Film & TV

Kerry Washington and Laverne Cox Discuss Creating Room For Inclusivity On Set

Kerry Washington and Laverne Cox are working hard to provide opportunities for underrepresented artists on-screen and behind the scenes. In conversation with Variety’s Angelique Jackson, Cox and Washington describe how becoming producers allowed them to have control over their work, which allows for more diversity and inclusion. 

“The question for me has always been, ‘How do we keep the door open? How do we open a window?” said Cox. “How do we just let the whole wall come down, so that more people can get in?’ That is the challenge of being a first something.”

Producing has provided the actresses with more freedom than ever before. “There’s something about the agency — like, I get to control my body, myself, my story — that is so necessary to us feeling like the women we were meant to be,” explained Washington. “Our history [as Black women], particularly in this country but all over the diaspora, is so much about our bodies belonging to other people. So to be able to really have agency to call the shots, to be able to be the storytellers, is very empowering.”

Cox, who produced “Disclosure,” is bringing opportunities to other trans people in the industry, which is highly necessary for accurately telling their stories. “Everyone in our film works in the business and often are the only trans people on set. So many of them talked about walking onto our set and everywhere they looked there was a trans person. And that was so integral in telling the story of transgender representation on-screen,” she said.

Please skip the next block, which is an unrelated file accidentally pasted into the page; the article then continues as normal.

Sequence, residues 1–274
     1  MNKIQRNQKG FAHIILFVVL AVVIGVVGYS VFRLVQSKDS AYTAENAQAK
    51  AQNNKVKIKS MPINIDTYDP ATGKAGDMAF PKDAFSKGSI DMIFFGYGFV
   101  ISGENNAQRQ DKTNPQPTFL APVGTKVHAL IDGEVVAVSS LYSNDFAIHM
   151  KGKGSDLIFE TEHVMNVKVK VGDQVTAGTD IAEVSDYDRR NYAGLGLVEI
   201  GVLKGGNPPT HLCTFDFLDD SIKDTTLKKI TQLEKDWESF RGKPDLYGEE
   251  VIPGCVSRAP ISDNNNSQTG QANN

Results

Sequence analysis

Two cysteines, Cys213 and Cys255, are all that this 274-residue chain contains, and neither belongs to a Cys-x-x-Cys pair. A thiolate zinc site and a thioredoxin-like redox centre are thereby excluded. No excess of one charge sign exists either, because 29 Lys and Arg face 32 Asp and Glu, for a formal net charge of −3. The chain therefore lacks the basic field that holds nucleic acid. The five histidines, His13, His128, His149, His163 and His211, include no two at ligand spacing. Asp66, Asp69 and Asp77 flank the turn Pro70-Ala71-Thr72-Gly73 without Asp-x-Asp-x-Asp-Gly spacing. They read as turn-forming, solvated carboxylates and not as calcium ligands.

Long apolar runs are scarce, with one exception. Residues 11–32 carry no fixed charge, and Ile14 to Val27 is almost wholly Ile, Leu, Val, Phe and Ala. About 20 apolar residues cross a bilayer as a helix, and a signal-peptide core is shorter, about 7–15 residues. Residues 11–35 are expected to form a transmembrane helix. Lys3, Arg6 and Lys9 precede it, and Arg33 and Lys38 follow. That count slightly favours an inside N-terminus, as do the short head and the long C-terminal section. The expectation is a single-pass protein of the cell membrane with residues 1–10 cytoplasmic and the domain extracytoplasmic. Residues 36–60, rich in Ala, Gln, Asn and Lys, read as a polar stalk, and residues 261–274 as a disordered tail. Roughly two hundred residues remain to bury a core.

Eliminating being the only underrepresented individual in the room is crucial. “When you’re the “only” on set whether it’s the only woman, the only Black person, the only Black woman, the only trans woman, you have all of this additional weight and responsibility to be speaking for your race, speaking for your people, speaking for your community, as opposed to being like an artist who also has the shared experience of belonging to that community,” said Washington. In ‘Little Fires Everywhere,’ she experienced the power of inclusivity and how it helped her to gain multiple perspectives of what it means to be a Black mother––not excluding her own experiences in motherhood, but adding layers and depth from different points of view.  Read the full interview on Variety.

Ayanna Nicole

Hi! I’m Ayanna, a 27-year-old writer and artist. Although I graduated from The University of North Carolina at Charlotte with two degrees in art and psychology, I’ve had a passion for writing for as long as I can remember. By following my dreams and utilizing my creativity, I designed Jaro Magazine with the ultimate intention of bringing more positive stories in the black community to the forefront, while also highlighting our versatile and vibrant culture through Jaro’s four modes: film, books, art, and music. I’m into spirituality, nature walks, music festivals, poetry, traveling without a destination in mind, painting, and discussing everything out of the ordinary with other curious minds.

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